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NFL Open Thread: Fail Mary Day

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10 years out from this epochal event:

The embarrassing part of the Fail Mary wasn’t that the replacement refs got the call wrong. They did, of course—even the game’s referee later admitted the Seattle Seahawks’ game-winning touchdown should have been a Green Bay Packers game-ending interception, and the NFL acknowledged there should have been an offensive pass interference call on the play. But officials miss calls all the time, in every league in every sport in every country. You can find articles about the NFL’s “officiating problem,” but you can also find articles about the NBA’s officiating problem, and MLB’s umpiring problem, and the NHL’s officiating problem, and so on and so forth. To err is human—and zebra.

No, the embarrassing part of the Fail Mary was the confusion, the chaos, the lack of control—all of it written on the faces of overmatched replacement refs, broadcast live to the nation on Monday Night Football. The embarrassing part was that everybody involved knew they were wrong and knew they couldn’t fix it. A referee’s main job is to get the call right, but maybe their more important job is to act like they know what they’re doing. And the replacement refs absolutely could not.

Ahead of the 2012 season, the NFL locked out its normal officials, a group represented by the NFL Referees Association. The NFL had made a calculated gamble: The refs’ demands were relatively paltry—additional expenditures of roughly $3.3 million per year, at a time when Roger Goodell was making $44 million per year—but fans universally hate referees, booing and disrespecting them even when their calls are correct. So, the league seemed to figure, why meet the officials’ demands when nobody would miss them?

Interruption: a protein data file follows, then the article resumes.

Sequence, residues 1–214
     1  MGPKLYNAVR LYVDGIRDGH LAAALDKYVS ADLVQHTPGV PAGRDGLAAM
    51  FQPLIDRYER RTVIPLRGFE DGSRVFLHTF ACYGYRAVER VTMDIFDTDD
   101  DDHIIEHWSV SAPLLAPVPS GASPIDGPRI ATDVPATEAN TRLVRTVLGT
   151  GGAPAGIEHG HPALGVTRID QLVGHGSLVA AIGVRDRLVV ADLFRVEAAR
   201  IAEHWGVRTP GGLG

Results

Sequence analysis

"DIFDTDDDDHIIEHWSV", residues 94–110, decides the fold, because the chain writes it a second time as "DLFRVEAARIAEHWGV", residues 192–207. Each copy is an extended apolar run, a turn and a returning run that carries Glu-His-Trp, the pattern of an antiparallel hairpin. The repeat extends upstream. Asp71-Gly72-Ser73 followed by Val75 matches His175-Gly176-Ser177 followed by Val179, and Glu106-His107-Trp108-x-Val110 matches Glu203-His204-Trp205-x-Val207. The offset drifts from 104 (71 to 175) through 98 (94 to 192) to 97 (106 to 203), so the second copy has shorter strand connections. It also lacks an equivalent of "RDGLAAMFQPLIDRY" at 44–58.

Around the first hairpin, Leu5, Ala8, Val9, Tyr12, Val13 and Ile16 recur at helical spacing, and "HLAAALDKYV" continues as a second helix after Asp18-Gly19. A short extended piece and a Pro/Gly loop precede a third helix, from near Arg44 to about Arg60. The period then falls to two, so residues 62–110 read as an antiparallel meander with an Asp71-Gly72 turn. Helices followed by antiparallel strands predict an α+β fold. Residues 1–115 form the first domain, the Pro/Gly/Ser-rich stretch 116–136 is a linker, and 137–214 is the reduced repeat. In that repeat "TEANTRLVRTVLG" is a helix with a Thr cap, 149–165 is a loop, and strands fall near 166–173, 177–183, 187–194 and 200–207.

But from the opening coin toss, it was clear the replacement officials were overmatched. Literally—a replacement ref mishandled the coin toss of the first game of the preseason. These officials, some retirees, some from the lowest ranks of organized football, lacked skill and professionalism. The NFL had to pull one official from working a Saints game hours before kickoff when it learned that he regularly posted on his Facebook page about his unabashed Saints fandom.

Distaste with the replacement refs slowly built over the first three weeks of the 2012 season as players and coaches recognized they were working with inferior officials. In one game, the refs helped the Titans seal a win by marking off 27 yards on a 15-yard penalty in overtime, putting them in range for a game-winning field goal. (The penalty was committed on Tennessee’s 44-yard line; the officials enforced it from Detroit’s 44.) “Players are getting more agitated and coaches are getting more agitated,” said officiating guru Mike Pereira in a New York Times article published on Monday, September 24, 2012. “Week 2 was a disaster,” Pereira continued. “Week 3 is the Titanic.”

Fucking up badly enough that the NFL had to stop using scabs and the Packers get screwed? Win-win!

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